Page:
The Shakespeare Conference: SHK 14.0404  Thursday, 27 February 2003

From:           Bill Arnold <This email address is being protected from spambots. You need JavaScript enabled to view it.>
Date:           Wednesday, 26 Feb 2003 14:46:58 -0800 (PST)
Subject:        Shakespeare and Richard Le Gallienne


Several years ago I bought an old scrapbook with a simple title:
"Shakespeare."  After closer examination, it appears to have been
compiled by Richard Le Gallienne about the turn of the century: 1900.
The pages are yellowed, mellowed, and the lettering has turned a deep
brown.  One article on Shakespeare published in the New York Times was
by Richard Le Gallienne: "In His Isolated Achievement Tragedy Climbed to
Its Supreme Summit and Vanished."  In the author's own hand, he titled
this "Shakespeare the great creator of tragedy."  There are several
dozen other clips, by Princess Lazarovich-Hrebellaovich of Serbia; Taine
on Macbeth and Hamlet; William Lyon Phelps in the New York Times:
"Famous and Popular at Thirty, etc.;" William Basse's Poem; Milton's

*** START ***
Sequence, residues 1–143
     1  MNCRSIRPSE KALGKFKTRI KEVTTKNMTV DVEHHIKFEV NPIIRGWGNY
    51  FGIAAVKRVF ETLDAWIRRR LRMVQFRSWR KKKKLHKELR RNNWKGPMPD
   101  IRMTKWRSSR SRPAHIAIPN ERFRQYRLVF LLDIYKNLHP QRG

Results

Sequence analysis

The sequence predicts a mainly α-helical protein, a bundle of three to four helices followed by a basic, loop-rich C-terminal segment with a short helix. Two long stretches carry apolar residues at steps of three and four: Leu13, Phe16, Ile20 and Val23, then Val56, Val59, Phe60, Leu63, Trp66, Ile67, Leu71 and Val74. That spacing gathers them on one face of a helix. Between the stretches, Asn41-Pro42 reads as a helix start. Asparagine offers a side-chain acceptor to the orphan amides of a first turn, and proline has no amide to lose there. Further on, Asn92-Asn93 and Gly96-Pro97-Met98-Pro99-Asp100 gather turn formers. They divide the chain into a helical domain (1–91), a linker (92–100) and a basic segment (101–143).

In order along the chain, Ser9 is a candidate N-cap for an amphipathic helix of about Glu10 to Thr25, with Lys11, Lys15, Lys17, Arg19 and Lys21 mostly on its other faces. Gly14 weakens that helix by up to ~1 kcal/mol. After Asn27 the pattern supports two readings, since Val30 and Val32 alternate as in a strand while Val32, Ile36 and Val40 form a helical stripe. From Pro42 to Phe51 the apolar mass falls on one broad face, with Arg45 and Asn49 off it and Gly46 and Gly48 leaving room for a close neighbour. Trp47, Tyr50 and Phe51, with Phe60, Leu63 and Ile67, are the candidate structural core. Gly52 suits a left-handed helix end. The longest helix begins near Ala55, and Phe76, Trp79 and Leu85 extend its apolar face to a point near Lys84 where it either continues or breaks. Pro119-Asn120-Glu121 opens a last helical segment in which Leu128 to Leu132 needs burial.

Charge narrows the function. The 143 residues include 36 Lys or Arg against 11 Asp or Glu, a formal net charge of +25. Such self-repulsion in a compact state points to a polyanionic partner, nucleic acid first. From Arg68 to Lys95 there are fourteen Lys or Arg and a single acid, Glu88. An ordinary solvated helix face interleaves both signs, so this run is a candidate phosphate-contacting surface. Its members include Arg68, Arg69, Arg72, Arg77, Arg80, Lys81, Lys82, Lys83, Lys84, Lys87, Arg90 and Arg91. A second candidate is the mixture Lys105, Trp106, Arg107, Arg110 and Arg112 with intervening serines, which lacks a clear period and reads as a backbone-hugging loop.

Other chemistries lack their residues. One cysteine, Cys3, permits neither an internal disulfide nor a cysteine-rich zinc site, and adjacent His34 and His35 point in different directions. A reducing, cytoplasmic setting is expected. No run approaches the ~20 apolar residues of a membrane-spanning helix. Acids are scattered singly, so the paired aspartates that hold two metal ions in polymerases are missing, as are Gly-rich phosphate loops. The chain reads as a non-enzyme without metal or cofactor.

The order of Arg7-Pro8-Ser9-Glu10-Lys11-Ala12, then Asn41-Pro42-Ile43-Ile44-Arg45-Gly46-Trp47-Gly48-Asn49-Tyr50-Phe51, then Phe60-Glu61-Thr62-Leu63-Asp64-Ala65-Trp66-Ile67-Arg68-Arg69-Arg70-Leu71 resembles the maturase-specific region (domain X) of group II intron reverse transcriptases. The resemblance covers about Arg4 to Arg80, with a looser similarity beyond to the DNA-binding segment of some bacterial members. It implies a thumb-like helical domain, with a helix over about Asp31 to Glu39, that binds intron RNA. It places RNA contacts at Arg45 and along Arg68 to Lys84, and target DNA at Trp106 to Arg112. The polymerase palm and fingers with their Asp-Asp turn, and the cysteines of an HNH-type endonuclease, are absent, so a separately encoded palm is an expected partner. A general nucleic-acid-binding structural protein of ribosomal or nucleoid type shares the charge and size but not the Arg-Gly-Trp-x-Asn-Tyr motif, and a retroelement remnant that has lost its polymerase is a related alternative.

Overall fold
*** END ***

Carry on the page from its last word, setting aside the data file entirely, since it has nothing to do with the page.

"Epitaph...;" a translation of Pushkin on Shakespeare for the New York
Times; the common fare of pictures, including Death masks; Emerson on
Shakespeare; Borgerhoff, again from the New York Times: "The Long, Hard
Battle of Shakespeare's Fame...;" Martin Sampson; William Neilson;
Ashley Thorndike; John Cunliffe; Richard Aldrich; Johann Gottfried
Herder; Rita Hochheimer; John Corbin; and many, many others.  Most of
the clips have a unique title in the hand of Richard Le Gallienne.

So, now, to the heart of the matter: in the back, loose, was a ten-page
holograph, apparently unpublished manuscript, signed by Richard Le
Gallienne: entitled "The Word Musician--Who Loved his Tools."   The
first line reads, in part, "The determining factor in Shakespeare's

Does any SHAKSPERean know if the latter was published?  Are there any
SHAKSPEReans or scholars of Le Gallienne who wish to offer thoughts
about a proper home for the Le Gallienne Shakespeare scrapbook?

Bill Arnold

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